Kia Sportage vs Renault Kadjar
We see if Kia’s new Sportage has what it takes to chop down the Renault Kadjar and take the compact crossover crown
Kia’s upmarket charge is in full swing, and it’s the firm’s crossovers that are leading the way. First came the smart Sorento seven-seater, and the Sportage is the latest model to join the family. The newcomer offers revised looks, improved practicality and efficiency, plus enough kit to worry its rivals – and they’re a talented bunch.
For the Sportage’s road test debut, we’ve lined up some tough competition in the form of the Renault Kadjar. It’s our current compact crossover champ, having seen off challenges from the Nissan Qashqai, the Toyota RAV4 and the Hyundai Tucson; so if Kia wants to rise to the top of this hotly contested class, it’s going to have to beat the best.
Yet things look positive for the Sportage – prices might have crept up a touch, with the entry-level car now costing £495 more, but the rise is acceptable across the range given the extra tech you get as standard.
The previous model’s eye-catching design was a big draw and helped launch the Kia as a mainstream alternative to the likes of the popular Qashqai. So will the new Sportage, with its curvier looks, pick up where the old car left off?
Image is important in a compact crossover, and the Kadjar has attractive proportions and slick styling. But Kia’s new corporate face gives the Sportage a more challenging design than its square-set predecessor, and might take some people a little longer to adapt to. It works on the larger Sorento, but is a little more awkward here.
Ease of use
Crossovers should combine decent driving dynamics with the flexibility of an SUV, so how easy they are to use day-to-day is a good measure of how well they work. Kia has improved practicality, but the Kadjar is still more adaptable, even if its rival here is better to drive.
You can make both cars look more rugged, but boot liners and bike racks will enhance their usability. Four-wheel drive can be specified, although to get this you have to buy the less efficient 1.6-litre dCi in the Renault and the 2.0-litre CRDi in the Kia.
First place: Renault Kadjar
It’s already seen off plenty of talented rivals, and the Kadjar has claimed another scalp here. Extra safety tech helps boost its appeal, while it pretty much matches the Sportage’s equipment spec. The Renault delivers strong performance from its more frugal diesel engine, meaning it makes more sense for private buyers and business users. Plus, it’s more comfortable.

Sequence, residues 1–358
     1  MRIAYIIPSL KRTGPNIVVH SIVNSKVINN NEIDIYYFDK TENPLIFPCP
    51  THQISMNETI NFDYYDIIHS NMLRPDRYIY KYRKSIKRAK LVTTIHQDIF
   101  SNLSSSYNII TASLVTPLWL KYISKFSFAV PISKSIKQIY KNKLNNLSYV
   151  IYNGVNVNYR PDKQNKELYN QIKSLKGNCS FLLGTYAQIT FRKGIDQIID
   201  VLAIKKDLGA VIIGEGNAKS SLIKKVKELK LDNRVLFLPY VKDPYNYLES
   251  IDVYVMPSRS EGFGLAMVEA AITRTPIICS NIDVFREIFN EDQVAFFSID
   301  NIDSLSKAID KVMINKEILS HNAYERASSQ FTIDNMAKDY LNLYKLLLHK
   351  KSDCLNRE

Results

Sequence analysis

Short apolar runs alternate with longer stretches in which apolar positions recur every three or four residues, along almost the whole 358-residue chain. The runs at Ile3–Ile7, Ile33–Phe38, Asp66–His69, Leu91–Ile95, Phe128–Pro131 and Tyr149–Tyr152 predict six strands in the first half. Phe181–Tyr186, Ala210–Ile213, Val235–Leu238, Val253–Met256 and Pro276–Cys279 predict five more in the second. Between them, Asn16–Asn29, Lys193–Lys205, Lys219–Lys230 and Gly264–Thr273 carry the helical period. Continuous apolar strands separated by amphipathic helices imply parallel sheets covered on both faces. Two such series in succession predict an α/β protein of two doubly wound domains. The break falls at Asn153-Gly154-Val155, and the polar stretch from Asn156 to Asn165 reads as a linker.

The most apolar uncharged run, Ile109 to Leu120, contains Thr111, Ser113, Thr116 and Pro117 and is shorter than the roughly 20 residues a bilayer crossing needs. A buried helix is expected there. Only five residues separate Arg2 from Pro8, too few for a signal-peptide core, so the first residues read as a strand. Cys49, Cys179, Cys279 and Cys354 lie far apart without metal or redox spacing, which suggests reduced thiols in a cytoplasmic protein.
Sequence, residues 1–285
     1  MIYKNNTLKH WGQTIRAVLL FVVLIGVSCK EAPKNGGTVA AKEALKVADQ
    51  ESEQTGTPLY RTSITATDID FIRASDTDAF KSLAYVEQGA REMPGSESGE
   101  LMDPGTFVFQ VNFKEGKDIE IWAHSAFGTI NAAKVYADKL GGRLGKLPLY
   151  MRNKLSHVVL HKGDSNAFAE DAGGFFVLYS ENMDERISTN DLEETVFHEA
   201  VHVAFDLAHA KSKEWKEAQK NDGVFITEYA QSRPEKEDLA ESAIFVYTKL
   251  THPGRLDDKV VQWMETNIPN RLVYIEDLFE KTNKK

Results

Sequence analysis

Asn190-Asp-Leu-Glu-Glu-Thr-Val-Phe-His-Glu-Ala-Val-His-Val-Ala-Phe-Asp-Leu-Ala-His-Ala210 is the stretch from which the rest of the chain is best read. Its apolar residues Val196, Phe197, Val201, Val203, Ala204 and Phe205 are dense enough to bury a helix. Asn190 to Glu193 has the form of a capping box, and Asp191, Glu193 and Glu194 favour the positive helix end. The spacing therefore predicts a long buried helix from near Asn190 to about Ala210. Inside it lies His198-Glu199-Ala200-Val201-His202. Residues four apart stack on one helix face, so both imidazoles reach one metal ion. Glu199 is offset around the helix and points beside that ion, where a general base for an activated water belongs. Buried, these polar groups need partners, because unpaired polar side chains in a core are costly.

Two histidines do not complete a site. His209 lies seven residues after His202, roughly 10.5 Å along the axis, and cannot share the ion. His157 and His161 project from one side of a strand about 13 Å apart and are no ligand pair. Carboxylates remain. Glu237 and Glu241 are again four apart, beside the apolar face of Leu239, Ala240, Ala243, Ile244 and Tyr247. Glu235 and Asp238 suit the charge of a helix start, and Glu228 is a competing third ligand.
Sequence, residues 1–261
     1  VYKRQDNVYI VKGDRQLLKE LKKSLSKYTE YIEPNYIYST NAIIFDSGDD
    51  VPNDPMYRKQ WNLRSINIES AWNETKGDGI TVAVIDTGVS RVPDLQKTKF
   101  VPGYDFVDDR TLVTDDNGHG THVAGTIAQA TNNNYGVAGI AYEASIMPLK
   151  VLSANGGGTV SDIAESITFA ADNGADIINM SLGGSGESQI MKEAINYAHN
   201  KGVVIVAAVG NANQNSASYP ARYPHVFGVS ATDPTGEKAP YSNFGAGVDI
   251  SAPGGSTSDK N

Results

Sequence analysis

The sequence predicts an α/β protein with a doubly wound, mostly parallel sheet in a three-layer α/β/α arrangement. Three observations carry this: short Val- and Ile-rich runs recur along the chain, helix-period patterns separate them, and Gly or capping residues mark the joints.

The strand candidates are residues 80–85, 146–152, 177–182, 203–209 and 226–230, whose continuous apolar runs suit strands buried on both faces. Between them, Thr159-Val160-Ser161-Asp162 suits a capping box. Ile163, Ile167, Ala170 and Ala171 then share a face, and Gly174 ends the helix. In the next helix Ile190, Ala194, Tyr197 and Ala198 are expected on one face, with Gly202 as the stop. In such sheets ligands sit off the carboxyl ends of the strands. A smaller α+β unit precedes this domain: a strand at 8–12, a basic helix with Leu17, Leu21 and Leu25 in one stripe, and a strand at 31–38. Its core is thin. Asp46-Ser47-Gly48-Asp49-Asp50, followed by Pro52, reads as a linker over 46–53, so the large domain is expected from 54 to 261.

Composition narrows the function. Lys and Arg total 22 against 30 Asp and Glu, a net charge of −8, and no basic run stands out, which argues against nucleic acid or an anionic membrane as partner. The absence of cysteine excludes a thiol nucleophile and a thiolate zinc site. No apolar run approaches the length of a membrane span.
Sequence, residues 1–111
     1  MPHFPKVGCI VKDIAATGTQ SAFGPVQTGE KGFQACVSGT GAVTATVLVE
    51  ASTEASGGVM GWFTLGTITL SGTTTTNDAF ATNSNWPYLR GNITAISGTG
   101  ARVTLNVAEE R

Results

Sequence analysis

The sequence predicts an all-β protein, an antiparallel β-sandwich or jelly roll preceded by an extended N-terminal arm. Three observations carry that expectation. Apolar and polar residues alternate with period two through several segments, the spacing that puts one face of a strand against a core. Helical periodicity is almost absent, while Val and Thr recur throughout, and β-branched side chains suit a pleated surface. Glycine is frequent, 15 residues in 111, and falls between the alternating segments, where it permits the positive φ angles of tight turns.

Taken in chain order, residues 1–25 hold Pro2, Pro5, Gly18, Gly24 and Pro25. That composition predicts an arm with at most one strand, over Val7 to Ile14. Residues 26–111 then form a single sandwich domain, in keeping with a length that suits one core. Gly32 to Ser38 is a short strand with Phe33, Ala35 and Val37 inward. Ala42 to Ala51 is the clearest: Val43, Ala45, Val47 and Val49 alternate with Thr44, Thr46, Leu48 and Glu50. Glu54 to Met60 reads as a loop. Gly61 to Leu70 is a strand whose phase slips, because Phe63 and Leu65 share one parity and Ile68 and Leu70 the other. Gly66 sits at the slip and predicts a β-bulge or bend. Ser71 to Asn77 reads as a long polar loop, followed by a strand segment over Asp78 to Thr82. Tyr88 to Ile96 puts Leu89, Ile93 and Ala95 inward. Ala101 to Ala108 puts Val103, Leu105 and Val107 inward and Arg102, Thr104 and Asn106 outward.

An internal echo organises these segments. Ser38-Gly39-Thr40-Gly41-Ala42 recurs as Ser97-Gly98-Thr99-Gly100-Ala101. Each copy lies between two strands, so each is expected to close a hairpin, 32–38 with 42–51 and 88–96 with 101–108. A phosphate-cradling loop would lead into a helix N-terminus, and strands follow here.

Second place: Kia Sportage
The new Sportage’s styling might take some getting used to, and in two-wheel-drive form, it can’t match the Kadjar for efficiency. That, combined with pricier servicing, means the Kia will be more expensive to run than its rival. Stronger residuals and a more upmarket interior aren’t enough to overcome the car’s practicality disadvantage and stiff ride.
Other options in this category...
Nissan Qashqai 1.5 dCi Acenta
Price: £21,880Engine: 1.5-litre 4cyl, 108bhp
The Qashqai uses the same engine and chassis as the Kadjar and emits the same 99g/km of CO2. If the Renault’s looks are too flamboyant, the Nissan is more reserved and drives just the same, so could be well worth considering.
Hyundai Tucson 1.7 CRDi SE Nav
Price: £23,145Engine: 1.7-litre 4cyl, 114bhp
Hyundai’s Tucson uses the same platform and 1.7 diesel engine as the Kia. SE Nav spec is more expensive than the Sportage 2, but you get a larger eight-inch touchscreen as standard. However, the boot is smaller than the Kia’s, at 488 litres.
|Renault Kadjar 1.5 dCi Dynamique Nav||Kia Sportage 2 1.7 CRDi|
|On-the-road price/total as tested||£21,595/22,220||£22,050/£22,595|
|Residual value (after 3yrs/30,000)||£9,975/46.2%||£11,700/53.1%|
|Annual tax liability std/higher rate||£732/£1,465||£924/£1,848|
|Annual fuel cost (12k/20k miles)||£1,158/£1,931||£1,265/£2,108|
|Ins. group/quote/road tax band/cost||14/£518/A/£0||12/£469/C/£30|
|Servicing costs||£299 (3yrs/30k)||£329 (3yrs)|
|Engine||4cyl in-line/1,461cc||4cyl in-line/1,685cc|
|Peak power||108/4,000 bhp/rpm||114/4,000 bhp/rpm|
|Peak torque||260/1,750 Nm/rpm||280/1,250 Nm/rpm|
|Transmission||6-spd man/fwd||6-spd man/fwd|
|Fuel tank capacity/spare wheel||55 litres/£95||62 litres/space-saver|
|Boot capacity (seats up/down)||527/1,620 litres||491/1,480 litres|
|Turning circle/drag coefficient||10.7 metres/N/A||10.6 metres/0.33Cd|
|Basic warranty (miles)/recovery||4yrs (100,000)/4yrs||7yrs (100,000)/1yr|
|Service intervals/UK dealers||18,000 miles (1yr)/153||20,000 miles (1yr)/170|
|Driver Power manufacturer/dealer pos.||7th/12th||19th/14th|
|0-60/30-70mph||11.7/11.8 secs||11.5/12.2 secs|
|30-50mph in 3rd/4th||4.7/7.5 secs||4.7/6.2 secs|
|50-70mph in 5th/6th||11.6/15.5 secs||10.6/16.4 secs|
|Top speed/rpm at 70mph||113mph/2,000rpm||109mph/2,000rpm|
|Noise levels outside/idle/30/70mph||71/46/58/67dB||73/53/62/72dB|
|Auto Express econ (mpg/mpl)/range||47.6/10.5/576 miles||43.6/9.6/595 miles|
|Actual/claimed CO2/tax bracket||159/99g/km/17%||174/119g/km/21%|
|Auto box/stability/cruise control/AEB*||£1,200/yes/yes/no||No/yes/yes/no|
|Climate control/leather/heated seats||Yes/no/no||Yes/no/no|
|Metallic paint/xenon lights/keyless go||£625/no/yes||£545/no/no|